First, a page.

Bath time is one of the best moments for parents with newborns when it comes to creating memories. While watching your child splash and shriek in the tub can be much fun, bathing can also be an excellent way for parents and babies to spend some quality time together. Consider it a continuation (or expansion) of kangaroo care or the belief that skin-to-skin contact between parent and baby is good for the development of a newborn. While kangaroo care is most effective within the first two hours after birth, further direct contact after that time, such as bathing with Baby, can still be beneficial.
There are, of course, some limitations. First, your infant might not be ready to bathe—the World Health Organization (WHO) recommends waiting at least 24 hours after birth before giving your newborn their first bath. One Cleveland Clinic study found that this improves breastfeeding success. You should also wait until the umbilical cord area, and circumcision (if Baby had one) are entirely healed before immersing your newborn in water. Sponge baths should be your go-to cleaning method before that.
It's also worth noting that bathing your child might be very deadly if done incorrectly. Therefore, it's preferable if you have a partner or another adult hand Baby to you and then picks them up when you're ready to leave. If no other adults are available to assist, make sure you can securely manoeuvre your baby into and out of the tub—don't get up and walk out with Baby in your arms.
A sponge bath will be the first bath. Choose a warm and flat surface such as a bathroom or kitchen counter, a changing table, or a bed. Using a thick towel, cover the surface. Because babies are easily chilled, make sure the room temperature is at least 75 degrees Fahrenheit. Assemble all of the baby bath items you'll require:
Never let your baby alone in the bath, even if it's only for a few minutes. Take baby with you if you need to get to the phone, the stove, or whatever.
Gentle sponge showers are ideal for the first few weeks until the umbilical cord falls out, the circumcision heals, and the navel heals fully. The fundamentals of bathing a baby are as follows:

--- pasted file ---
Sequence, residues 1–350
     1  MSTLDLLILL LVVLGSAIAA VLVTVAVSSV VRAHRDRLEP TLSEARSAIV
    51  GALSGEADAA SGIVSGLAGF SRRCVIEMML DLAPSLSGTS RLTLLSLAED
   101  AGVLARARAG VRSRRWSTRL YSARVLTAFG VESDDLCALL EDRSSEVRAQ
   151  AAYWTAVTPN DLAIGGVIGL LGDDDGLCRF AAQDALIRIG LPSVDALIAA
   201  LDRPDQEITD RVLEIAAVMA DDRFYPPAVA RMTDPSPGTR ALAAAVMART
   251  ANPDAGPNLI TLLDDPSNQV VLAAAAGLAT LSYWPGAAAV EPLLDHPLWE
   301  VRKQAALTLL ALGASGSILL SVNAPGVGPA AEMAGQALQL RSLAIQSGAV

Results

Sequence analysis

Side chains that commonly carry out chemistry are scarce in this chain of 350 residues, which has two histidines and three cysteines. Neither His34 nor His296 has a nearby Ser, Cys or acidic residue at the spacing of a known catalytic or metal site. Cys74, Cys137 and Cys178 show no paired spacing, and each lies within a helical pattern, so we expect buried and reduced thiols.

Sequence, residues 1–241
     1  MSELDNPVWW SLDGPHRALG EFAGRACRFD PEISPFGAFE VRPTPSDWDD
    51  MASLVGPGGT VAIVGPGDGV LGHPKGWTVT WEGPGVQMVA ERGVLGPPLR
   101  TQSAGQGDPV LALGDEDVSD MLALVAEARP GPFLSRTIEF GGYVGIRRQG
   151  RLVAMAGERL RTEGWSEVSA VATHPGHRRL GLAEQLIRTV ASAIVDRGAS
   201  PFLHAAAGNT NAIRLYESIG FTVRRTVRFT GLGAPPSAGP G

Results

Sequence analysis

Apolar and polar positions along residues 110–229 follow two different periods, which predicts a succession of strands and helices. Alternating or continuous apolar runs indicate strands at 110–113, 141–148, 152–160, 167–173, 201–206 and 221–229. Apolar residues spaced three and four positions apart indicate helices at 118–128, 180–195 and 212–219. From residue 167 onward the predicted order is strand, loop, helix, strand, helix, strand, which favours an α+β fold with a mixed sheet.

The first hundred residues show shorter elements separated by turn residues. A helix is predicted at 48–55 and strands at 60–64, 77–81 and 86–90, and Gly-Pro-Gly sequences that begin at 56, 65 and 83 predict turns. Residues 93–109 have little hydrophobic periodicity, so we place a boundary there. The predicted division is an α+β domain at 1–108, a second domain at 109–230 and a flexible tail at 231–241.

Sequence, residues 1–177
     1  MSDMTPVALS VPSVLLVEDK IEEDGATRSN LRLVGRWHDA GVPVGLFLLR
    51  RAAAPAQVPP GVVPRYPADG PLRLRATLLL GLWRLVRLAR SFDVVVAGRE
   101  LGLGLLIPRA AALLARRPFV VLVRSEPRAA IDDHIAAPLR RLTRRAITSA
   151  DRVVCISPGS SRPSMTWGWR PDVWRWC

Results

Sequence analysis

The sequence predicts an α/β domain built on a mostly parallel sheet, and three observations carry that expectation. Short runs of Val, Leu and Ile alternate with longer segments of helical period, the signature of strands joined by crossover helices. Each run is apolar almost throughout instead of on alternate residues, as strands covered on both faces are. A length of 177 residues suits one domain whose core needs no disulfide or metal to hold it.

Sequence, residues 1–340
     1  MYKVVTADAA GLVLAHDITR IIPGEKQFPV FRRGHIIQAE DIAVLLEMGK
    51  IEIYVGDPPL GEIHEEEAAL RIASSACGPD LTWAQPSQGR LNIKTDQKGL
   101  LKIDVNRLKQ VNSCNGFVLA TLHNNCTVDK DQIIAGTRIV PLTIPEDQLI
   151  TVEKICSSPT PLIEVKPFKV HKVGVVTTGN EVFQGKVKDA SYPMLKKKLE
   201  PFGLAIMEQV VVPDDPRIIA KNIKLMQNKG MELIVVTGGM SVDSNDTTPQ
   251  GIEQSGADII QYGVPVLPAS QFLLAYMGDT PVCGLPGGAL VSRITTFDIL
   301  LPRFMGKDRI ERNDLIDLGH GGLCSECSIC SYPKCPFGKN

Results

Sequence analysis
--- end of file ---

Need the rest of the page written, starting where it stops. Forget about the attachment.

Your clean baby is ready for a clean diaper and clothes now that bath time is over!
It's time to try a tub bath once the umbilical cord has fallen off and the circumcision and navel have healed completely. If your infant becomes cranky during the transition, go back to sponge baths for a week or so, then try again. Bathing a baby is a process that requires both the baby and the parent to acclimatize. To get ready, do the following:
Avoid using bath seats or bath rings. These are not for infants but rather for older babies who can sit up on their own.
Lather, Rinse and Moisturize: When it comes to how much soap to use and where to apply it, keep it simple. It's vital to remember that a baby's skin barrier is still developing, making them more vulnerable to irritants and drying out. Also, keep one arm cradling Baby's head while you bathe them with the other, and make sure you're solid in the tub.
Make the first tub baths as brief as possible. Fill the tub only 2 or 3 inches deep with warm, not hot, water. Support the baby's head with one hand, then slowly lower the other.
Again, don't get out of the tub with your tiny one in your arms after rinsing. If you're with a partner or another adult, give Baby to them first. If you're alone, double-check that you can securely remove your child from the tub without standing up and stepping out while holding them. Finally, dehydrate Baby and cover them in a towel to keep their body heat in, making sure all creases are clear of water before applying any lotion, diapering, or dressing.
When bath time is finished, wrap the baby in a towel as soon as possible, covering their head for warmth. Again, congratulations on a job well done!